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The housing commissioner, one of the stars of Lightfoot’s cabinet, moves out

One of the most respected members of Lori Lightfoot’s cabinet is leaving Mayor Brandon Johnson’s administration.

Housing Commissioner Marisa Novara announced her retirement Tuesday after a four-year sprint that included leading Chicago through a pandemic that further highlighted the city’s shortage of 120,000 affordable housing units.

Novara did not return repeated phone calls, instead issuing a statement saying he was “proud of the work we have accomplished to advance housing as a human right.”

He points specifically to “the 18th & Peoria acquisition in Pilsen, strengthening of the Affordable Conditions Act to ensure affordability in high-income parts of the city, and the unprecedented 12 Equitable Transit Oriented Developments on the South and West sides in our last round.” funding.”

Novara said it was “important to me to set a vision for equitable distribution of affordable housing across the city” and she was “incredibly grateful” to Mayor Brandon Johnson for his “clear commitment to continuing and deepening this goal.”

Novara helped design the residential platform Lightfoot while serving as vice president of the Metropolitan Planning Council and overseeing Chicago’s $4.4 billion “cost of segregation” study.

It called for a phased real estate transfer tax to “create a dedicated income stream” to reduce homelessness by 45% and begin mitigating the 120,000 shortage of affordable units driving Chicago’s population decline.

Two months after taking office, Lightfoot withdrew that appointment.

He still plans to ask the Illinois General Assembly to empower Chicago to raise the real estate transfer tax on high-end home sales. But he plans to use the new projected $120 million a year in revenue to cover the $838 million budget gap he inherited.

Campaign promises broken.

Lightfoot had no success with General Assembly. He spent the remainder of his term blocking attempts to have a binding referendum on transfer taxes on the Chicago ballot.

Revival Project CEO Raul Raymundo (from left), Housing Department Commissioner Marisa Novara, Chicago Mayor Lori Lightfoot, National Equity Fund CEO Matt Reilein and BMO Community Loans Managing Director Pamela Daniels-Halisi during the groundbreaking ceremony of Casa Durango in the Pilsen neighborhood in September 2021 .

Novara spent the next four years doing little things — including launching a $3 million Tiny Homes pilot — that addressed the affordable housing shortage.

“This is what I like to call ‘small density.’ We make it easier. We are making it legal for people to actually use their coach homes for rental units or legalizing their basements or attics,” he once told council members.

“We’re looking for ways to creatively address the need for units and ways to achieve affordability that don’t involve queuing up for low income tax credits or lining up for housing choice vouchers, both of which are oversubscribed. .”

Novara is also doing some great things.

He championed an overhaul of the Chicago Affordable Conditions Ordinance that raised the bar for developers receiving municipal subsidies, municipal land, or zoning changes, and increased units large enough to accommodate families.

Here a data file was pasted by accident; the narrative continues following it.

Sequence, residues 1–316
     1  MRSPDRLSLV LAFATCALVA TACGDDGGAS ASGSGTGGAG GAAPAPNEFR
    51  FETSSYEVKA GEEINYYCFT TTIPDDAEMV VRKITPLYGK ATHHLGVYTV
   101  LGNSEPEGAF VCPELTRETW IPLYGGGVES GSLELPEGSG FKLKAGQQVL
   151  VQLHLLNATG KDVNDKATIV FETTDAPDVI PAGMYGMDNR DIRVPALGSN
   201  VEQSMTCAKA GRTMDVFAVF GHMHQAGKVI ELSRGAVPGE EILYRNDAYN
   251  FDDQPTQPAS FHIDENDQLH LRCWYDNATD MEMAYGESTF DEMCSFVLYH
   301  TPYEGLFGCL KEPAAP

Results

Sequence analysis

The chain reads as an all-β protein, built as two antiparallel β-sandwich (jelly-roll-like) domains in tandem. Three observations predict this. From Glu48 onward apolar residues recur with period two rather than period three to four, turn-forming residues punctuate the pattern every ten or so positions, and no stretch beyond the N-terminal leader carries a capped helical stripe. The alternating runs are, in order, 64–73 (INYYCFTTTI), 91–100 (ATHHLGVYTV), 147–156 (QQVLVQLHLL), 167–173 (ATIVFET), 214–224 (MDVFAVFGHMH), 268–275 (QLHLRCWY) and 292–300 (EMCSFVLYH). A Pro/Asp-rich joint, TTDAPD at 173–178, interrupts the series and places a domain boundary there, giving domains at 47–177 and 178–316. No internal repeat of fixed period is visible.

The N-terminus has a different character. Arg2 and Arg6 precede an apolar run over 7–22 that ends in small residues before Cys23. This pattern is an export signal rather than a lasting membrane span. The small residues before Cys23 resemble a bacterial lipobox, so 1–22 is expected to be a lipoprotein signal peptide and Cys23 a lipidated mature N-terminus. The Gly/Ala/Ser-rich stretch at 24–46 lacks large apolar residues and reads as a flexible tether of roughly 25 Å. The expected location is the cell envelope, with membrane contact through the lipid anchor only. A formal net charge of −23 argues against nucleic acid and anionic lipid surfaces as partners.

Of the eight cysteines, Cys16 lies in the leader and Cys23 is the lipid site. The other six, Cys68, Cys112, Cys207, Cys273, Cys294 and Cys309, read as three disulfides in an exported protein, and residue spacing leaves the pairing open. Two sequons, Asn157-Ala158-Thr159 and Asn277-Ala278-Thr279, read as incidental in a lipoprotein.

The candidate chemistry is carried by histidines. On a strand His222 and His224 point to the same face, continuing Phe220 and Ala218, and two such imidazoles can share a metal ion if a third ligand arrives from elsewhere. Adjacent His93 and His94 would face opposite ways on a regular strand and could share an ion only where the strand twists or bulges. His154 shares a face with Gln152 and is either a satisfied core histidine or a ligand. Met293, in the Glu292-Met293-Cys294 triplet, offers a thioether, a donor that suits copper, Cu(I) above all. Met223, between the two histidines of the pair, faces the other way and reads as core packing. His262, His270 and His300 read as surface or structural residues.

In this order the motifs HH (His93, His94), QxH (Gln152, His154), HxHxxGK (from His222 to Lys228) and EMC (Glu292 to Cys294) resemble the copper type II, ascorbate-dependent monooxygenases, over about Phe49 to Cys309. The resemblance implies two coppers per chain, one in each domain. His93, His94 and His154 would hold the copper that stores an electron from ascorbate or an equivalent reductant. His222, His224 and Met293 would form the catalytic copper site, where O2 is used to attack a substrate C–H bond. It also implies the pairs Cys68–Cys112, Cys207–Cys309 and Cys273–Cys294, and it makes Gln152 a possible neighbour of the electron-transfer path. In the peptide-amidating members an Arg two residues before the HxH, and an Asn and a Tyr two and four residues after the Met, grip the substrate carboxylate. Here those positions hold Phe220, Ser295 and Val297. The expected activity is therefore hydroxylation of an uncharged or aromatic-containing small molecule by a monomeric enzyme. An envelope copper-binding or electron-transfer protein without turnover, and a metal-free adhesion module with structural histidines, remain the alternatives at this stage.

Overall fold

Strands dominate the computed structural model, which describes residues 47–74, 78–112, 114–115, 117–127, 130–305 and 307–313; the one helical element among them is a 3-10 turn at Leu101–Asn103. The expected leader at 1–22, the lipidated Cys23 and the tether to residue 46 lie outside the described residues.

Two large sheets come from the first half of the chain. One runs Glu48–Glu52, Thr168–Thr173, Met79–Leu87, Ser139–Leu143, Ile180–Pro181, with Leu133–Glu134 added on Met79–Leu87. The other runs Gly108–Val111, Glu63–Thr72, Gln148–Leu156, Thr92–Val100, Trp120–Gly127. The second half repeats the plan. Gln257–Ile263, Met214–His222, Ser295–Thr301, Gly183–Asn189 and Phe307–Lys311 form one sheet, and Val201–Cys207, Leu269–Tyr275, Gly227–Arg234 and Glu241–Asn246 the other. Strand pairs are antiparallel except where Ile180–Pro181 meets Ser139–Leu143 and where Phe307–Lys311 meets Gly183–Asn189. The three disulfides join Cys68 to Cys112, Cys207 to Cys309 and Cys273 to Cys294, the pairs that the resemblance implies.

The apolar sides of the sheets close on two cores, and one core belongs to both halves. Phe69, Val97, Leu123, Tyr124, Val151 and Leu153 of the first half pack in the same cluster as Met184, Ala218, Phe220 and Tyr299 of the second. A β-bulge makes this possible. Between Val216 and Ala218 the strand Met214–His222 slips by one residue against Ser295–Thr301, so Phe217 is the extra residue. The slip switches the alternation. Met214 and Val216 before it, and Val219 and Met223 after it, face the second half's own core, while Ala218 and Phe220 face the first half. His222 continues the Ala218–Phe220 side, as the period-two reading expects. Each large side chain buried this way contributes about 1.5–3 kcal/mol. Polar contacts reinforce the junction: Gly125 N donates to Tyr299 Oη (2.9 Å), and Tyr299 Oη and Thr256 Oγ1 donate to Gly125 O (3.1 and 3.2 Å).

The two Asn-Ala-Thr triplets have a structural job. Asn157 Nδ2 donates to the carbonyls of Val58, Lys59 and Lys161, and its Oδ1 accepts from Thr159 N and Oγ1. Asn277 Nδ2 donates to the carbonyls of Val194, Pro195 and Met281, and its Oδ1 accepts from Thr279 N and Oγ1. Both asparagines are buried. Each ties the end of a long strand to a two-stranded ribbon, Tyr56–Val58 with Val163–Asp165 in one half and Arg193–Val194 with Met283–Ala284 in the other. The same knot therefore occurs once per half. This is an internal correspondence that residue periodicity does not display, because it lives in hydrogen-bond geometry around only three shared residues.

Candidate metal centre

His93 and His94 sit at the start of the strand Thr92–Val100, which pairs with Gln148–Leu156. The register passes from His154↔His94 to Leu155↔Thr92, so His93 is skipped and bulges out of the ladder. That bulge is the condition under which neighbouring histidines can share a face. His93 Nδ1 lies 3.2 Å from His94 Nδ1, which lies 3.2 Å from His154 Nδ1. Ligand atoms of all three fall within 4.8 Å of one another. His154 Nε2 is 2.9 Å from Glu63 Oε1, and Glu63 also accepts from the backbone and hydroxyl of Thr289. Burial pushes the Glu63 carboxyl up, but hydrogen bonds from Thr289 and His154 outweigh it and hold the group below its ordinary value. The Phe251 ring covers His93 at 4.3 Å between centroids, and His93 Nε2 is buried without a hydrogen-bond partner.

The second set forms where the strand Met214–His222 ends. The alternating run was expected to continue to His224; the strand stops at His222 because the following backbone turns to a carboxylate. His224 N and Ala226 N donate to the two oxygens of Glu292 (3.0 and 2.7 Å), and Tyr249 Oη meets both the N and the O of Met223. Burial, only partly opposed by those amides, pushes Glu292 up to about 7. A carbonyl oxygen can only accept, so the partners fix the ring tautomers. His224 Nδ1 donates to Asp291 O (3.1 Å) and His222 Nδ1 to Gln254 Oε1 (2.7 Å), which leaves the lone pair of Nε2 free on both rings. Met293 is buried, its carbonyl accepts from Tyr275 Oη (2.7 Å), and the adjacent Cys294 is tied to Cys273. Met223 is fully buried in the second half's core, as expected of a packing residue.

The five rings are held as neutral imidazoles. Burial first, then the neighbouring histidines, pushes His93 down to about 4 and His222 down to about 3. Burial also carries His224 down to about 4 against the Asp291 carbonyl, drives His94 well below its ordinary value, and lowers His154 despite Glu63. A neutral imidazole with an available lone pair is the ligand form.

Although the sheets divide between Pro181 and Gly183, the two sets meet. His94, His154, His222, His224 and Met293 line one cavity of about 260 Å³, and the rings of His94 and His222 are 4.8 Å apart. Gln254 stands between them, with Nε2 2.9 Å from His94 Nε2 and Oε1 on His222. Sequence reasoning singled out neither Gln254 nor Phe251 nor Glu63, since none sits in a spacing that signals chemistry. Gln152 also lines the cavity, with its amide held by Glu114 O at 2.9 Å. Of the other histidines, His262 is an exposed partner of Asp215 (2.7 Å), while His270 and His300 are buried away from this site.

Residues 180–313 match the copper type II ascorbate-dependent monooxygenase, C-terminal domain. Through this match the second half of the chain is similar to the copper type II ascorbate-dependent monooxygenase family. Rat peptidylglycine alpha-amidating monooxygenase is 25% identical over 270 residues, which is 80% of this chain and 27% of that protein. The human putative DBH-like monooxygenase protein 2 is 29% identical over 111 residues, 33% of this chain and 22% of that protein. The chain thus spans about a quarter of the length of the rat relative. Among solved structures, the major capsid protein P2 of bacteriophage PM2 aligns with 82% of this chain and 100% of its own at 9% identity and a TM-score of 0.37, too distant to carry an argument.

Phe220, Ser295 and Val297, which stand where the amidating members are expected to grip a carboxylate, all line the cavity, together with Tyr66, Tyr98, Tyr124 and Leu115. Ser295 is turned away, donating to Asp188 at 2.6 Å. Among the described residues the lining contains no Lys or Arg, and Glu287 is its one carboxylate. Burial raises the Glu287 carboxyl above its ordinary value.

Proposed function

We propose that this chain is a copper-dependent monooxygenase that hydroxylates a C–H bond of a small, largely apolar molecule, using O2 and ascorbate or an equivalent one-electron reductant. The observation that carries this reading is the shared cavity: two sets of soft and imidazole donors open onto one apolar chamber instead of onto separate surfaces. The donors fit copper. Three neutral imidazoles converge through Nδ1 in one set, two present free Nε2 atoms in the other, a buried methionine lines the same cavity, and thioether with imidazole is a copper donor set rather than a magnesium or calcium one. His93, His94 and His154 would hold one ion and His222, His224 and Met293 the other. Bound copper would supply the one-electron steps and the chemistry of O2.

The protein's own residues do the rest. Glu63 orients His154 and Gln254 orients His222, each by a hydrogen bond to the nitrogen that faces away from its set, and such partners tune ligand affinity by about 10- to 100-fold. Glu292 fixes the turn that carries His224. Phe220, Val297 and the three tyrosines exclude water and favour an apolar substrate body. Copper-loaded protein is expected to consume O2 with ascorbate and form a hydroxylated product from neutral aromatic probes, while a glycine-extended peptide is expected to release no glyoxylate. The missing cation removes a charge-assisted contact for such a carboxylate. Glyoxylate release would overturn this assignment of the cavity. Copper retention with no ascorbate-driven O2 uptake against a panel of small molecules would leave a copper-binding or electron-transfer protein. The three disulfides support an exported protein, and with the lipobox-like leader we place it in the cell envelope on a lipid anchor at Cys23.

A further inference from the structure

He pushed through dramatically improved transit-oriented development regulations and gave tenants up to 120 days notice before landlords terminate their leases or increase rents.

Another highlight of Novara’s holdings is Lightfoot’s plan to create $1.3 billion worth of affordable housing across the city.

There was also a 33-to-13 City Council vote in favor of a 297-unit housing development near O’Hare Airport that “makes a statement” on affordable housing and zoning control by council members.

During the pandemic, Lightfoot and Novara allocated federal aid funds for several rounds of rental assistance. They convinced housing groups, landlord associations and lenders to sign a non-binding “Housing Solidarity Pledge” to show “flexibility and restraint” in dealing with one another during a time of unprecedented hardship to prevent COVID-19 from triggering a wave of foreclosures. other. .

Participating landlords agree to offer a grace period with conditions that “avoid repayment at the end of the suspension period.” They also promise to waive late fees for missed payments and allow tenants who miss payments to amortize those payments over time.

Through it all, Novara is a relentless champion for fairer mortgage loans to break down the barriers of systemic racism.

During a City Council hearing on the matter in February 2021, Novara pointed to a study by WBEZ Radio which showed that banks lend 12 cents in Black neighborhoods and 13 cents in Hispanic neighborhoods for every $1 they lend to white neighborhoods.

Novara later said that his “concern” was that the study was followed by “lots of announcements about more money for South and West Side communities”.

“Don’t get me wrong: More investment in South and West side communities is clearly needed. But what is also clearly needed is painstaking, non-headline-grabbing, internal banking work to examine how your systems and structures perpetuate racist results and then get it over and over again,” he said that day.

“That is what we really want and need to see. And that is what our city deserves.”

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